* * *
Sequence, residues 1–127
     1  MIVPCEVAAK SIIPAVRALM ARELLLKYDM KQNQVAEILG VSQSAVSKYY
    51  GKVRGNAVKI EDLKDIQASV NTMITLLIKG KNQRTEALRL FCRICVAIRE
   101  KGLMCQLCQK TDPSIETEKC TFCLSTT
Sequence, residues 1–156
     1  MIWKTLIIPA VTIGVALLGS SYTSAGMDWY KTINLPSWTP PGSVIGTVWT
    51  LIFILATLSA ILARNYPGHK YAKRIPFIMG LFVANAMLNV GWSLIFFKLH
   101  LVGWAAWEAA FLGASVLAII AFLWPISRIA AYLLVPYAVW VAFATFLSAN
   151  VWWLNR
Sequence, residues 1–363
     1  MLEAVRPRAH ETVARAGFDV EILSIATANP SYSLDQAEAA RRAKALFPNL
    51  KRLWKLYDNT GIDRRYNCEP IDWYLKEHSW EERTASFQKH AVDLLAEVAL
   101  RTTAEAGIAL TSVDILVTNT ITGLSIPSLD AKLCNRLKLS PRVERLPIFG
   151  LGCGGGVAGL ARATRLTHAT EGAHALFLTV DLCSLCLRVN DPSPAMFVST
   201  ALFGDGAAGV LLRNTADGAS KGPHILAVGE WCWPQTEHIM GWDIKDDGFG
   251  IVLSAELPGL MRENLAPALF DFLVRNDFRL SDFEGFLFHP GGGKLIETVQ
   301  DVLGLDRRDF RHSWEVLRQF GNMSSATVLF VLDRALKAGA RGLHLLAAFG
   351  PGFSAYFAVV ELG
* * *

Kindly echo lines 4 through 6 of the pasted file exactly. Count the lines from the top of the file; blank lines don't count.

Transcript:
   101  KGLMCQLCQK TDPSIETEKC TFCLSTT
Sequence, residues 1–156
     1  MIWKTLIIPA VTIGVALLGS SYTSAGMDWY KTINLPSWTP PGSVIGTVWT